No? Well, why not? When are you going to take the final step? Anybody can stay up until 3 a.m. reading old photography magazines. When are you going to take the final step and sleep with your cameras? Time to make a choice.

I have a friend of startling aspect who has strap cuts on the bridge of his nose, miscellaneous hematomas to the face and neck, fractured occipital bones, a detached retina in his left eye, a bulging carotid artery because a stent had to
be implanted, and minor cuts to the face and neck from lens rims. He is everything I could never be as a young photography enthusiast. He accepted the challenge. He embraced the idea of excellence only being achieved through sacrifice. His public
staggering from damaged neck vertebrate and lower back problems proclaims him an alpha and he has slide boxes and albums and framed pics and computer files of fantastic pictures. He is everything I could never be. He's a photographer.

So if you see one of these alpha photographers staggering down Soi 13/0 in Pattaya heading for the boardwalk try and show a little respect. You are witnessing commitment. If you were on Soi 6 and a girl stabbed you with a knife this guy would
get the picture. A baht bus driver is beating up a tourist over a fare dispute? Captain Nerd with the cameras will get the picture. The only pictures I ever get in the Kingdom are record pictures of girls in my hotel room. When I fall in love
with a wonderful Thai lady I move the furniture aside and have her stand against the wall. I then take her picture. After she leaves, her name and a plus (+) or a minus (-) goes on the front. The plus sign means she is a repeater. The minus sign
means 'please, oh God please' do not make that mistake again.

Hint: do not ever ever ever ever ever ever ever let your current Thai girlfriend find this bunch of pictures. I'm speaking from experience. If she does find these pics just give her a lot of money and hold the door for her. It is over.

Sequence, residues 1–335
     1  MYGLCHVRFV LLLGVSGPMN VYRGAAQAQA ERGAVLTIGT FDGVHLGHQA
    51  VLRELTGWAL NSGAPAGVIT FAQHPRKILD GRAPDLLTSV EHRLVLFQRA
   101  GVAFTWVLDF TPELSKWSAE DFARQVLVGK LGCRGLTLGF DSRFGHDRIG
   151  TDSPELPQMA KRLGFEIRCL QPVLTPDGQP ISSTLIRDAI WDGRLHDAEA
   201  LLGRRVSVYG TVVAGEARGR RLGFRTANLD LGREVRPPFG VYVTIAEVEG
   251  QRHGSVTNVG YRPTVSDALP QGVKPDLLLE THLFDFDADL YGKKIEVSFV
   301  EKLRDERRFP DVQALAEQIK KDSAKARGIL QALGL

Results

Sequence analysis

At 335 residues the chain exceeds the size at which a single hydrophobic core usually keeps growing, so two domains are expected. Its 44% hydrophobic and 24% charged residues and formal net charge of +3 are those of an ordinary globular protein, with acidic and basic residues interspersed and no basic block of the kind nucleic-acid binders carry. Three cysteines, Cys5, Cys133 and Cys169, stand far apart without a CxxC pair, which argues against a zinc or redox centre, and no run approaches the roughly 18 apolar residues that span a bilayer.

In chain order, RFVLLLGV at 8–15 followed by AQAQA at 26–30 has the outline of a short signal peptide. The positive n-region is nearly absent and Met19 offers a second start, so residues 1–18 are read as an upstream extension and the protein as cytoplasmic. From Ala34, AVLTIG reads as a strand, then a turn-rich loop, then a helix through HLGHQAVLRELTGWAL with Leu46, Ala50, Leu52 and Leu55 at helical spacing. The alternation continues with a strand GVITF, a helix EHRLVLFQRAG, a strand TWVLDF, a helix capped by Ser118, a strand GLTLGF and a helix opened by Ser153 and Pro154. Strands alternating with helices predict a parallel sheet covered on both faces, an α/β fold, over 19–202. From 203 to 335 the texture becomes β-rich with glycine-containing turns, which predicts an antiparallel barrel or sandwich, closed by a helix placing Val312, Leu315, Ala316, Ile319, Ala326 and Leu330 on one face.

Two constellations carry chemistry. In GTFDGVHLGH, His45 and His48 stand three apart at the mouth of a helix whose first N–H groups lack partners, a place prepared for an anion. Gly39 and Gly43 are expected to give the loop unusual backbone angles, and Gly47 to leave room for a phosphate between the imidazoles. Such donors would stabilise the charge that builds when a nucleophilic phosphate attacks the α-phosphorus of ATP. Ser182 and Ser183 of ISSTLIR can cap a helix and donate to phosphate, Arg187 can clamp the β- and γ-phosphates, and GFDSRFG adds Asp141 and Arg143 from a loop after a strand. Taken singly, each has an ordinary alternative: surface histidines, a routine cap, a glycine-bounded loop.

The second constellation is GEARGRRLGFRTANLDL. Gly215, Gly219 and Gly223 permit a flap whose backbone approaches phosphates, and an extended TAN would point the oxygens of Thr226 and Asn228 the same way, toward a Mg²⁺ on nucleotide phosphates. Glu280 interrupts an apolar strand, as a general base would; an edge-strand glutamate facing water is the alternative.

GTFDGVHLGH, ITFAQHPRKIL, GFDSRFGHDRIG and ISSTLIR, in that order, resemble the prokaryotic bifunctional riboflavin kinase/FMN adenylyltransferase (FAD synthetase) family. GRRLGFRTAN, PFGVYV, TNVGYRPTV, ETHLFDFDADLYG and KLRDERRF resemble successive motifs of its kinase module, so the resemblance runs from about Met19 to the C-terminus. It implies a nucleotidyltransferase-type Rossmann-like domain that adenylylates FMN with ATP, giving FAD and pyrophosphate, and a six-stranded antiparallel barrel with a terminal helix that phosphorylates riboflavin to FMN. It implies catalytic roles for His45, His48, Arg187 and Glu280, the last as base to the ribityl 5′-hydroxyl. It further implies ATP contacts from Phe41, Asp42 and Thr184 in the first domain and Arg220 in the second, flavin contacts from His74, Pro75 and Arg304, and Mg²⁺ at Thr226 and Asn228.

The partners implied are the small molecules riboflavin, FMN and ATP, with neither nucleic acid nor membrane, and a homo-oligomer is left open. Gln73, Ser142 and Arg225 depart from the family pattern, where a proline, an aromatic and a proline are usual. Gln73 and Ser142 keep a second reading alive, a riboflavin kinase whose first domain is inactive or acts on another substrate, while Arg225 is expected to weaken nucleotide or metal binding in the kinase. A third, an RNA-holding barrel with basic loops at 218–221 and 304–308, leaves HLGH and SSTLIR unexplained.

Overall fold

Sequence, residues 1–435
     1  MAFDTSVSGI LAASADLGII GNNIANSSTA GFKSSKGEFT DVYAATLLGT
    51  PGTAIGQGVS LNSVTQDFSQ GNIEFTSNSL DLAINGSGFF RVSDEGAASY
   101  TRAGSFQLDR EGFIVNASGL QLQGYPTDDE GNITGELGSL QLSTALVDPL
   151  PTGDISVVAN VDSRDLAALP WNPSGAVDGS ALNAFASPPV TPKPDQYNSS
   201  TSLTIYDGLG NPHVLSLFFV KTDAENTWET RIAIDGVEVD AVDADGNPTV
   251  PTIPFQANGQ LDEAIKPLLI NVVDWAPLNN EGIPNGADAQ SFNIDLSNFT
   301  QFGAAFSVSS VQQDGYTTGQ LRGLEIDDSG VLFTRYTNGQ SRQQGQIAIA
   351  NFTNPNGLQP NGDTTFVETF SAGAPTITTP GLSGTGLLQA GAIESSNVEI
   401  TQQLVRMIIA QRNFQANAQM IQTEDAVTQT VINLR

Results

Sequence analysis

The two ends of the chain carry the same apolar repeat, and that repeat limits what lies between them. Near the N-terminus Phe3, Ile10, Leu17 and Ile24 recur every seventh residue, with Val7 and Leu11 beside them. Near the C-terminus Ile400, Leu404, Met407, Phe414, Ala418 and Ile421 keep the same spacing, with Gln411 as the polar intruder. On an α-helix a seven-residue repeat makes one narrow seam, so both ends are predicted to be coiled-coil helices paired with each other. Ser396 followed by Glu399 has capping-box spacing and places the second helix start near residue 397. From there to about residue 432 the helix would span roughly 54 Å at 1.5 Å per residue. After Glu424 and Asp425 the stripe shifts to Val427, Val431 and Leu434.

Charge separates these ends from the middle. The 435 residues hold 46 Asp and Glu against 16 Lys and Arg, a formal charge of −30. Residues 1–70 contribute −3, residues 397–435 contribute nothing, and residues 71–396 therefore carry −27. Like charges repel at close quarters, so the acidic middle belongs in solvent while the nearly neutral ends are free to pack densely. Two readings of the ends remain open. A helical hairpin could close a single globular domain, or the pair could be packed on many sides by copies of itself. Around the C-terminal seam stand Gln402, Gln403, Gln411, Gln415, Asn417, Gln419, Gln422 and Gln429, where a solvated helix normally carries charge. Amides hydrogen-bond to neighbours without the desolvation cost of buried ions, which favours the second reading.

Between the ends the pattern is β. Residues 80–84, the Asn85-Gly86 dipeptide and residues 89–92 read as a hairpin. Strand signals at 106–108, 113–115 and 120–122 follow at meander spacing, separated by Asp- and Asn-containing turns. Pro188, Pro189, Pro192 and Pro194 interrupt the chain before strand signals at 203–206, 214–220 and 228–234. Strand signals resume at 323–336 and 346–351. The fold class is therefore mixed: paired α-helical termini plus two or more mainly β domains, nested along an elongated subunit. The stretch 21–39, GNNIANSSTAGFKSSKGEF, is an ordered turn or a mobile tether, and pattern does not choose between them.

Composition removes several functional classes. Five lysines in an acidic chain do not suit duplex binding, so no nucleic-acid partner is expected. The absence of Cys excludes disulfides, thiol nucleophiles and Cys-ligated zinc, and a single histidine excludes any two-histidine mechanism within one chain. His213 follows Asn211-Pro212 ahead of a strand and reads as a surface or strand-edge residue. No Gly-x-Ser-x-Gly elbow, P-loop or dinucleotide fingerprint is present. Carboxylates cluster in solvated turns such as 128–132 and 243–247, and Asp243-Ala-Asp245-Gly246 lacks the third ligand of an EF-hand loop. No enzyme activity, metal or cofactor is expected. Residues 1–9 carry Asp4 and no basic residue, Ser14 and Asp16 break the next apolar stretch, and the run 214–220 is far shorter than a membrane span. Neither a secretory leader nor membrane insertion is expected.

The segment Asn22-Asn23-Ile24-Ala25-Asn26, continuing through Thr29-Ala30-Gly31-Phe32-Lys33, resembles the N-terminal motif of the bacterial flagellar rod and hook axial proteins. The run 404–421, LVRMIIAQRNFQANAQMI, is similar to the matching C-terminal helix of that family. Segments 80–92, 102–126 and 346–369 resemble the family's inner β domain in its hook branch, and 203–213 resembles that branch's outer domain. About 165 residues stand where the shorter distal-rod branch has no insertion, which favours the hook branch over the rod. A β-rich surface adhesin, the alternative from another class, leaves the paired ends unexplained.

Of course this just shows what a photography amateur I am. A professional or an amateur who had made the final commitment to his photo art and had the facial damage, nerve tics, and bad posture to prove it would never make an error like this.

Anyway, because of turnover amongst Thai angels of the commercial kind I never need to make a trip to the Kingdom with more than about twenty-five of these pictures. So my camera is never going to be a part of art. Just a part of my life.
But I often say to myself 'boy, this would make a great picture' in my wanderings around Thailand. Boat pictures (I love boats), faces (the bird guy in Pattaya on South Rd.), the mountainside temple on Ko Larn, women's clothing
at the Night Market in Chiang Mai, architectural details, food stands, the Kite festival in Bangkok, etc. There is a wonderful website on the Internet that features stray dogs of Bangkok. There is another wonderful website that chronicles a Thai
girl from birth to age eight. I like theme photography. There is another wonderful website that features the doors and signs of Bangkok bars.

So if you see one of these equipment festooned photographers lining up a shot with a camera on a tripod while his assistant named Ping, or Ling, or Ming, or Fing, or Ying, or Zing, or Ding, or Dong hands him things; be happy. You are witnessing
art and commitment, two things the world can never have too much of.

Stickman's thoughts:

If your photography was as colourful as your writing, it would be truly amazing!